When we began digitizing scores from our collections over a decade ago, one area of focus was works from the operatic repertoire existing in multiple versions. If opera is a genre ripe for reinterpretations – as novels, plays, libretti, and scores themselves are recycled and revisioned – both of this week’s scores are products of the resulting palimpsest of musical influences.
First, a vocal score of Busoni’s two-act number opera, Turandot:
Ferruccio Busoni. Original cover, Turandot. Mus 633.5.605
[Turandot. Vocal score]. Turandot : eine chinesische Fabel nach Gozzi in zwei Akten / Worte und Musik von Ferruccio Busoni; Klavierauszug mit Text von Philipp Jarnach. Leipzig: Brietkopf & Härtel, [c1918]. Mus 633.5.605.
Although it premiered in 1917 as a double-bill with Arlecchino (link to digitized vocal score), Turandot has its origin in incidental music composed over a decade earlier for Carlo Gozzi’s 1762 play of the same title. Writing in a 1911 issue of Blätter des Deutschen theaters devoted to the play, Busoni describes his composition: “I have employed exclusively original oriental motives and forms and believe I have avoided the conventional theatre exoticism.”1 These themes were themselves taken from examples of Chinese, Middle Eastern, and Indian music published in August Wilhelm Ambros’ Geschichte der Musik, as well as the English song “Greensleeves”.2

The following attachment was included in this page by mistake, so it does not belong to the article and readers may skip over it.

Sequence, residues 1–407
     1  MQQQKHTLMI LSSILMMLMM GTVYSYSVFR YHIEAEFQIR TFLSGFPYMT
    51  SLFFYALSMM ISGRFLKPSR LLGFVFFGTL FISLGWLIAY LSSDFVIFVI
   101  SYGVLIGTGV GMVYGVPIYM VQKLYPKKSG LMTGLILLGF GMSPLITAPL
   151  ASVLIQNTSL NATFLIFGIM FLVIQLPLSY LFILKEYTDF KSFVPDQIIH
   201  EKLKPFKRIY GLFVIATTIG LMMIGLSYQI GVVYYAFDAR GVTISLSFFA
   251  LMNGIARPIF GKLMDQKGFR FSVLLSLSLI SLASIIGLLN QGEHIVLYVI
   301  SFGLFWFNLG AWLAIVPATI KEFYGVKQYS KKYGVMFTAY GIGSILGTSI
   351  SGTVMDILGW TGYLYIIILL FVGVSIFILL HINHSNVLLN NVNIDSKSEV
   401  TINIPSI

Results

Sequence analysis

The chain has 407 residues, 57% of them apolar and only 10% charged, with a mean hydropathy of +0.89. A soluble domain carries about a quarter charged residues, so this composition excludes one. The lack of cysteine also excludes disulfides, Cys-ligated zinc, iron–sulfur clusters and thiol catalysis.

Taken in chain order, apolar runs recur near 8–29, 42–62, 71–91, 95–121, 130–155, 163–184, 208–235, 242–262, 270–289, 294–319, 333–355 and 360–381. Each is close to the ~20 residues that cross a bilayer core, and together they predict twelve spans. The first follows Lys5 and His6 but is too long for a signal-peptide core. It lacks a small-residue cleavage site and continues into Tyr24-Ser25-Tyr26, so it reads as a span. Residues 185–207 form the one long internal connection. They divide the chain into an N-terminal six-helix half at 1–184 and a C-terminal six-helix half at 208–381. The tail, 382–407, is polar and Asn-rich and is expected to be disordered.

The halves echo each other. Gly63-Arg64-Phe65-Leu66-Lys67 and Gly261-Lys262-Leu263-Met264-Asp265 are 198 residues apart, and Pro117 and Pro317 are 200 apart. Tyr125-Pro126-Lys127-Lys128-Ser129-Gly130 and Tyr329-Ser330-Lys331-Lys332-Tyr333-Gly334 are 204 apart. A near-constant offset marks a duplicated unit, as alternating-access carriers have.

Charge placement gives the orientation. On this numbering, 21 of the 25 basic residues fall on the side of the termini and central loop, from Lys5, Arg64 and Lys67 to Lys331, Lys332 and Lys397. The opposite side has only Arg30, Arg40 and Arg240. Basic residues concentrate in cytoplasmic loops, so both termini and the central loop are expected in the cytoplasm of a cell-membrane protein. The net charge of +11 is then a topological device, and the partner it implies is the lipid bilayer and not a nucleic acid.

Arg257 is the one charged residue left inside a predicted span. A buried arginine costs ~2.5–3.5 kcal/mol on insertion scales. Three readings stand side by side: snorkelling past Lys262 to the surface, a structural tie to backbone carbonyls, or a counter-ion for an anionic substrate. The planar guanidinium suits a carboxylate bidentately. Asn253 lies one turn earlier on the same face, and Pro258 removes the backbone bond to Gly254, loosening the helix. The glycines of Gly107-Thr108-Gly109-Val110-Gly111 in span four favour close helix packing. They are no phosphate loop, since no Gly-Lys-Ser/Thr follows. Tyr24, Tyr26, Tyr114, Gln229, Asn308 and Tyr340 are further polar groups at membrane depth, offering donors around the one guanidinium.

Our second work is a full score of Franz Schreker’s Das Spielwerk:
Franz Schreker. Leise's final lullaby, from Das Spielwerk. Mus 800.42.615
[Spielwerk]. Das Spielwerk: Mysterium in einem Aufzug / von Franz Schrecker. Wien: Universal-Edition, c1921. Mus 800.42.615
The simultaneous Frankfurt and Vienna premieres of Das Spielwerk und die Prinzessin (link to digitized vocal score) in 1913 had not been a success, thanks in part to a hostile reception by the Viennese critic Julius Korngold. Schreker condensed and extensively reworked the opera in 1915 and 1916; his revisions include replacing the original overture with the prelude to the second act, and changing the ending from the fiery disaster of the first version to a lullaby sung by Leise to her deceased son. The new, one-act Das Spielwerk premiered in Munich in 1920, conducted by Bruno Walter.
1. Busoni, Ferruccio, “The Turandot Music,” in The Essence of Music and Other Papers, trans. Rosamond Ley (New York: Dover, 1965), 61, http://hollis.harvard.edu/?itemid=|library/m/aleph|007922884 (HOLLIS record).
Original text: “Ich habe ausschließlich originale orientalische Motive und Wendungen verwandt und glaube den konventionellen Theater-Exotismus umgangen zu haben.” Busoni, Ferruccio, “Zur ‘Turandot’-Musik,” Blätter des Deutschen theaters (Berlin), Jahrg.1 Nr. 6 (27 October 1911): 83-84, http://hdl.handle.net/2027/njp.32101018921104?urlappend=%3Bseq=99 (full text).
2. For an analysis of the sources used in the Turandot Suite, see Antony Beaumont, Busoni the Composer (Bloomington: Indiana University Press, c1985), 76-86, http://hollis.harvard.edu/?itemid=|library/m/aleph|000220150 (HOLLIS record).
See also August Wilhelm Ambros, Geschicte der Musik: mit zahlreichen notenbeispielen und musikbeilagen, Vol. 1, Die Musik des griechischen Alterthums und des Orients (Leipzig: F.E.C. Leuckart, 1887-1911), http://nrs.harvard.edu/urn-3:HUL.FIG.GITEM:HW2LWX (full text).